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Beer Flavor Compounds and Detection Methods
Alex Bilinski

Beer is a beverage that has a deep history and many trusted traditions, both in its manufacture and consumption. Beer processing is influenced by the culture of many different peoples. Across many continents some form of beer is produced using very similar processes. These many processes, although similar, provide beer with many distinct flavors and aromas. In order to characterize beer flavor it is necessary to determine the chemical compounds responsible. This task is not often a simple one due to beer’s complex nature, but many techniques have been used to develop appropriate methods of detection.

The origins of beer can be traced as far back as the fourth century B.C. (9). Ancient Sumerians were one of the first peoples to engage in the brewing process. Early clay pottery from this era was found containing calcium oxalate, a known precipitant formed during the brewing stages (9). This chemical evidence was a clue that led researchers to determine beer was a major part of these ancient times. It is also evident that early Egyptians had their own form of beer. It is often believed that beer and bread were the two most important nutritional contributors to these peoples (9). It is even believed that beer played a major role in changing the lifestyle of these times from a nomadic hunter-gathering to one based on farming and agriculture.

Brewing itself can be broken down into different stages. Starting with the barley grain, beer undergoes malting. Malting is the process by which the barley is steeped in water, allowed to germinate, and then heated for a period of time. During steeping the water content of the barley is raised and the cell walls of the barley grain are broken down. Insoluble proteins are also removed in order to allow fermentation enzymes access to the starchy endosperm. During germination the moist grain is held at 16C for three to four days. During this time enzymes are produced. Most importantly alpha-amylase and beta-amylase, which can attack the alpha-1,4-glucosidic and 1,6-glucosidic bonds of the starch molecule. Kilning then takes place in order to stop these enzymes from further activity, and make a stable product for storage until further brewing.

The next step in the brewing process is mashing. The dried malt is mixed with hot, 65C, water. This temperature is chosen since it is the temperature at which the starch will gelatinize (9). This makes the starch much more likely to undergo attack from the enzymes in the malt. After the enzymes convert the starch to soluble sugars, a sweet syrupy liquid called wort is produced. This “sweet wort” contains mostly maltose and glucose, as well as some larger dextrins. The sugars are ready to be fermented in this form. At this point hops are added and the wort is boiled. Boiling the wort has many effects. First it sterilizes the system. It also causes proteins to coagulate so that they can be filtered off. Perhaps the most important aspect as far as flavor is concerned of this boiling is the extraction of alpha-acids from the hops into the wort. Further reactions of these acids provide the characteristic bitter flavor of beer.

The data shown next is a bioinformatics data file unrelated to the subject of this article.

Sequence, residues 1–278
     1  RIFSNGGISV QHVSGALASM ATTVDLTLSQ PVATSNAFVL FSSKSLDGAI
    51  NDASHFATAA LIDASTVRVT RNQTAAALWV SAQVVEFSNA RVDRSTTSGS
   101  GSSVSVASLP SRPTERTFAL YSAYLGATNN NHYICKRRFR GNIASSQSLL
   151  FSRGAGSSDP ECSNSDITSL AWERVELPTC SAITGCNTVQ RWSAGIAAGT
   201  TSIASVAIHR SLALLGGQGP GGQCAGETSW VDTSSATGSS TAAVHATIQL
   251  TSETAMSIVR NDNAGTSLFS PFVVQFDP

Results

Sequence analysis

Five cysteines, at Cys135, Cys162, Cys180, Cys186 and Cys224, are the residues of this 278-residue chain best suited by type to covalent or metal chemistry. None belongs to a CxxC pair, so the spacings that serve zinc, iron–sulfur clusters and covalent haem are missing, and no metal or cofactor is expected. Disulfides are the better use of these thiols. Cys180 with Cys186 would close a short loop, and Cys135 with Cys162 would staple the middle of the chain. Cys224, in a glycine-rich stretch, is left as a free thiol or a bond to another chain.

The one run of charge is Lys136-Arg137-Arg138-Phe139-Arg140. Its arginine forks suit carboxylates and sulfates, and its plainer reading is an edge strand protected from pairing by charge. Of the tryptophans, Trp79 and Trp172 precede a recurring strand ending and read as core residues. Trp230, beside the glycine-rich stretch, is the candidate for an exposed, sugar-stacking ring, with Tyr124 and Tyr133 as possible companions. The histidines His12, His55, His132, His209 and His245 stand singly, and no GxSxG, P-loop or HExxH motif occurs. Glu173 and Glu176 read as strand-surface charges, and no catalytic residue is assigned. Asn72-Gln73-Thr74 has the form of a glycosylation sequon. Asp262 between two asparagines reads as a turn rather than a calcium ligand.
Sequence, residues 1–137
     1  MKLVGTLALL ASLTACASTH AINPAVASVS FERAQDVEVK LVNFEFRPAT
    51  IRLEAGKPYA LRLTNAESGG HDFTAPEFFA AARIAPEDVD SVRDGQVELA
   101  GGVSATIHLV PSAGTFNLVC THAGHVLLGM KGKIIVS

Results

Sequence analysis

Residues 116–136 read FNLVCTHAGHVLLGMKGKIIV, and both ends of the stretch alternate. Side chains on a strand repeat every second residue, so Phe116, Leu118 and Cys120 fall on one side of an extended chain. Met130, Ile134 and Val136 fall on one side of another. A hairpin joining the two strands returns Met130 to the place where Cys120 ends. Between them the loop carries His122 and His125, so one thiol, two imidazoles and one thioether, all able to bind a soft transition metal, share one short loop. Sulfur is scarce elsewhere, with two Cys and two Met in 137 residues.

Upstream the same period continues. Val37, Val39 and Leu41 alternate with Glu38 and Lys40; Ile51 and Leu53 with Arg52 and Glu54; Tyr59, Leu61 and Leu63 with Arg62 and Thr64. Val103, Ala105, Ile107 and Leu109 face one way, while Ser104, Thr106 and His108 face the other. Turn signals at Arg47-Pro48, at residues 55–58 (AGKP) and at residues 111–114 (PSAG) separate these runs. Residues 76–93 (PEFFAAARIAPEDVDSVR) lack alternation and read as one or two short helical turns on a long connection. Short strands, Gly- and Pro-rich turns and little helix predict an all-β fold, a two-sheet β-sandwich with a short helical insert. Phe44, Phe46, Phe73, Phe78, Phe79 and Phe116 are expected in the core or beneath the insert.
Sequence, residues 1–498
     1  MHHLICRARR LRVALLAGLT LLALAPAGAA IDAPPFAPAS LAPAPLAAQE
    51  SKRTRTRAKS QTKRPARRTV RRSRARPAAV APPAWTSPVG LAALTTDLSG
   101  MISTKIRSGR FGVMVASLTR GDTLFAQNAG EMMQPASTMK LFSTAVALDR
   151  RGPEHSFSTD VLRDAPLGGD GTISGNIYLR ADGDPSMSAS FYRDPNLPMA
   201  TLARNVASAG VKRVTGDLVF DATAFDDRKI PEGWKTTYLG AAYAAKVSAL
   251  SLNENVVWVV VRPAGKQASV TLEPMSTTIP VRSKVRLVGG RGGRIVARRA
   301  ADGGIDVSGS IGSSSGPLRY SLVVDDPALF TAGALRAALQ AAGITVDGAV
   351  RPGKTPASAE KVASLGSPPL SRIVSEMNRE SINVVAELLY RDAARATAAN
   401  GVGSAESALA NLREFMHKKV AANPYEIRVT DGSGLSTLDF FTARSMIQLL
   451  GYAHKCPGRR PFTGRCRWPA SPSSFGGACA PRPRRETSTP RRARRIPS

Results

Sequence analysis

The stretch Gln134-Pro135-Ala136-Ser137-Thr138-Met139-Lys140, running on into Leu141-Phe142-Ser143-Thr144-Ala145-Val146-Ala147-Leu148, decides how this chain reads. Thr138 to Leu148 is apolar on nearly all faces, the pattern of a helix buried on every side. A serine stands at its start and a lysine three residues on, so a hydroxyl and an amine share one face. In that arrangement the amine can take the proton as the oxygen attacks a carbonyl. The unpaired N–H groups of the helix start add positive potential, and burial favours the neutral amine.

Fermentation is now ready to take place. Yeast is added to the bitter wort and the soluble sugars are converted to carbon dioxide and ethanol. Amino acids from the wort are also taken up by the yeast in order to aid in cell growth of the yeast itself. Along with carbon dioxide and ethanol, many flavor active compounds are also produced during fermentation. These compounds will differ based upon the strain of yeast used, hence the reason for such a variety of beer flavors. Many brewers have been using the same strain of yeast for decades in order to provide consistent flavor (10).

The final step of beer production is maturation. The “green beer” produced from fermentation still contains many unwanted flavor compounds. These volatile compounds need to be removed before the beer can be shipped to consumers. There are two major ways in which these compounds are removed during maturation, both of which use yeast. Leftover yeast from the fermentation stage has the ability to produce a small amount of carbon dioxide. This extra carbon dioxide can act as a carrier for the unwanted volatile compounds and purge the beer of off-flavors. The other method by which yeast removes unwanted flavor compounds is through chemical reactions. The yeast can act as a catalyst to reduce carbonyl compounds and render them irrelevant as far as flavor is concerned. Once maturation is complete the beer will have its characteristic flavors and aromas.